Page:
NCUA Forces Disclosure Of Payments To Senior Staff
Reinforcing this insider-arranged sale: The CEO would receive a bonus of $250,000; the CFO and COO payments of $125,000 each, upon the merger’s approval. These disclosures were added to the official notice only after the NCUA required they be put in the requirement mailing.
Read more about PenFed’s merger strategies in this look at its takeover of Miramar Federal Credit Union in California.
Managing The Vote
By keeping the process secret, Belvoir’s board and senior managers were able to control the discussion and messages sent to members. Nowhere in the announcement was a comparison of rates, products, or services provided. The notice gave lists of general PenFed services and its “low loan rates” and a description of PenFed’s distribution system including its “36 worldwide branches.”
There was no description of PenFed’s business model and how PenFed’s products and services would compare with Belvoir’s five-branch, locally focused, high personal service approach.
Nowhere was there a description of what might be lost in the merger. For example, Belvoir offered member business loans, which PenFed does not offer and required Belvoir to sell prior to the merger. Belvoir offered courtesy pay and a much-broader credit underwriting approach. PenFed’s policies and business strategy are much different than Belvoir’s, which listed 189 local businesses and employee groups in its FOM.
One example of these policy differences is that Belvoir’s mortgage loan portfolio as reported in the HMDA data had twice the level of CRA qualified loans (income at 80% or lower of the median income in the MSA) than did PenFed’s. For the most recent year’s data, 2015, 18% of Belvoir’s mortgages were CRA eligible versus 9% for PenFed.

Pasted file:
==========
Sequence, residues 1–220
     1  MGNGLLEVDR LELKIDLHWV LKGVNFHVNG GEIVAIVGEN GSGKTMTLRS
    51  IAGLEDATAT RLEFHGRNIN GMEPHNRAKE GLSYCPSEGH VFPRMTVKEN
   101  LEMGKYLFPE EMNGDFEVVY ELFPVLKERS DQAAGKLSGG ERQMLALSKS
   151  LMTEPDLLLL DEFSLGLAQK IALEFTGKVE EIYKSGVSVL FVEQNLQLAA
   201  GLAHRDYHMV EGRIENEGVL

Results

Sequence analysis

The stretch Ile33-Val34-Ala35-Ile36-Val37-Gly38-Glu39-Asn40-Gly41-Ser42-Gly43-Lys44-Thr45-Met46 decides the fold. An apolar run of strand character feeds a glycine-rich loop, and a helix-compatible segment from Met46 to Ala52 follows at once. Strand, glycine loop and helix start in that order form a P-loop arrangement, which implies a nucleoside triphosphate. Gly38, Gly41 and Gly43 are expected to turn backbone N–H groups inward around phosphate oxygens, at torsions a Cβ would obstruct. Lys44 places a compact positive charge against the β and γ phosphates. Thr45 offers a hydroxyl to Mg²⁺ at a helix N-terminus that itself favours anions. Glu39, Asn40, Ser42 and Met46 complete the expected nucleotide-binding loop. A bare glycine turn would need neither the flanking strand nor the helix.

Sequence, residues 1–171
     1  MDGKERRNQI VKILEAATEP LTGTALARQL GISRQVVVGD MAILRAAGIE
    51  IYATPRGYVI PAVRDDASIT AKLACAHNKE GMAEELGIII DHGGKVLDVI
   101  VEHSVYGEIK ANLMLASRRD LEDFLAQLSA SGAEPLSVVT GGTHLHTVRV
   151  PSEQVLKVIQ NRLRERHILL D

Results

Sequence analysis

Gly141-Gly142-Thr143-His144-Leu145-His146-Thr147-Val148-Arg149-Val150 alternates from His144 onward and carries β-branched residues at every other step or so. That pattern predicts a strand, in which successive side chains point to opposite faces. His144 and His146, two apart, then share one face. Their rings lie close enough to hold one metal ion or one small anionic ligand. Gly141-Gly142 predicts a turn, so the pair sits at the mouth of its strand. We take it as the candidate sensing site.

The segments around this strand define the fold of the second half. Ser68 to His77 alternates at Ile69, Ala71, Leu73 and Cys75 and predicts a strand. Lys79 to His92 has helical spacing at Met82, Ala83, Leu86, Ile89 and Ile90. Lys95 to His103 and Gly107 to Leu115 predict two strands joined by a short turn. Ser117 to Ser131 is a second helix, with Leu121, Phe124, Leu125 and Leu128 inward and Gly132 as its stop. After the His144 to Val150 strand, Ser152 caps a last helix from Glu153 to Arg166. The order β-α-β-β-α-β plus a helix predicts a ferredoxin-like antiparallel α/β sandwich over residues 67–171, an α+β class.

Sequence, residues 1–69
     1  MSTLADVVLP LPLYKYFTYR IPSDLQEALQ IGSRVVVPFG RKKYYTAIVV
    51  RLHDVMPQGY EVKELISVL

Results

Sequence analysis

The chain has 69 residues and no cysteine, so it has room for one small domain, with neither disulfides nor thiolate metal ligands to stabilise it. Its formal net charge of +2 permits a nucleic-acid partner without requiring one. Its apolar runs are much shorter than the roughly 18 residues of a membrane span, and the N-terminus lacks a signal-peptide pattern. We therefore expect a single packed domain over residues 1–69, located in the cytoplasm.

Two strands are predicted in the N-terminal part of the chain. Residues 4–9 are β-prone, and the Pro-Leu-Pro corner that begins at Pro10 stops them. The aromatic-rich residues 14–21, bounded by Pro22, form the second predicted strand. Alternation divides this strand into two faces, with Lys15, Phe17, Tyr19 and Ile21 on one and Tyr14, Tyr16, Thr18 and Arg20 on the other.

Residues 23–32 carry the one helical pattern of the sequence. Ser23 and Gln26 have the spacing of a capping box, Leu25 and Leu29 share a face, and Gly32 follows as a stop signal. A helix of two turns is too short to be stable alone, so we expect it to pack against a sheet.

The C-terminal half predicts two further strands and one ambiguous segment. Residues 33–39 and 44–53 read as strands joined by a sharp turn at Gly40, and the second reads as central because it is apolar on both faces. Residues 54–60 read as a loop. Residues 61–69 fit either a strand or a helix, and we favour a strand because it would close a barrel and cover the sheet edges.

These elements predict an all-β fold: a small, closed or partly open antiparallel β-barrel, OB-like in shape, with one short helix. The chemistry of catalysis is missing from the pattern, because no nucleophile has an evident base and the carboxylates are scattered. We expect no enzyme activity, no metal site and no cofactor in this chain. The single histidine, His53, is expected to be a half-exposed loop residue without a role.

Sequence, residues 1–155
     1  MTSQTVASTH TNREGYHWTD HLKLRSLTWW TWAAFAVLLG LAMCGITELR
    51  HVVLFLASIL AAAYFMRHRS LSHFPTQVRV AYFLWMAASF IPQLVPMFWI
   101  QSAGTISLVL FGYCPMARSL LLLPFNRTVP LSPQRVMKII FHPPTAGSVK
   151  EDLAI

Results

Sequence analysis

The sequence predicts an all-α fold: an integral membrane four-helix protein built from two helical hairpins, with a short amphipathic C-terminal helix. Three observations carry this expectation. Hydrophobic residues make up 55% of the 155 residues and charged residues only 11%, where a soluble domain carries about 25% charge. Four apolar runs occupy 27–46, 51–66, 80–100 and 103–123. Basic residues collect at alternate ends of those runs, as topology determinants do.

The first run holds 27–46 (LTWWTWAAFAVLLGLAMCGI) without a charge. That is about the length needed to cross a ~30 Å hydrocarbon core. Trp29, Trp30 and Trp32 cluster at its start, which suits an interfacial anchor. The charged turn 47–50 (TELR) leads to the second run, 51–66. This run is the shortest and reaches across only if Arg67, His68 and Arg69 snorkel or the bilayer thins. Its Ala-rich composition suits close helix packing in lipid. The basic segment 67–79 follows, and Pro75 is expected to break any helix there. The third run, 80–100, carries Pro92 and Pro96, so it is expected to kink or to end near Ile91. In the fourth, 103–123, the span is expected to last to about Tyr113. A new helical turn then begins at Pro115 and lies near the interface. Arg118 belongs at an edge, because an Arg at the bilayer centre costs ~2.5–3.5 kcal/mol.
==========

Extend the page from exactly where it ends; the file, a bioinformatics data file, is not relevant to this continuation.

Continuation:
Further there was no explanation of why PenFed — at $21 billion, or 63 times larger than Belvoir — would be able to provide better personal service. On Jan. 29, 2016, one month prior to the merger announcement, Belvoir was named one of the best places to work in Virginia for the third consecutive year.
Even with this one-sided, time-restricted process, the members voted against the merger at the required special meeting. Unfortunately, that result was overwhelmed by the ballots submitted where members relied on the notice information. If a member trusts the credit union enough to send their money to it, why should they not rely on this same instinct if the recommendation is to close up the shop?
What PenFed Gained
In the March 31, 2016, press release announcing the merger, PenFed made clear what it was gaining in this transaction:
“PenFed expands its field of membership to include the Fort Belvoir military community which ... is home to some of the top national defense organizations. ... The largest employer in Fairfax County, Virginia, Belvoir boasts twice as many employees as the Pentagon. PenFed also gains an employee team that is dedicated to member service, five convenient branch locations, and an outstanding membership base focused on America’s national security.”
Belvoir’s board and management, while negotiating for their members’ "best interests," transferred $41 million in collective book and market value in addition to the opportunities described above.
How did such a transaction ever get past the NCUA and its oversight of member interests and consumer rights? How could this event pass any description of fiduciary duty by either party?
A Blind Eye or Benign Neglect?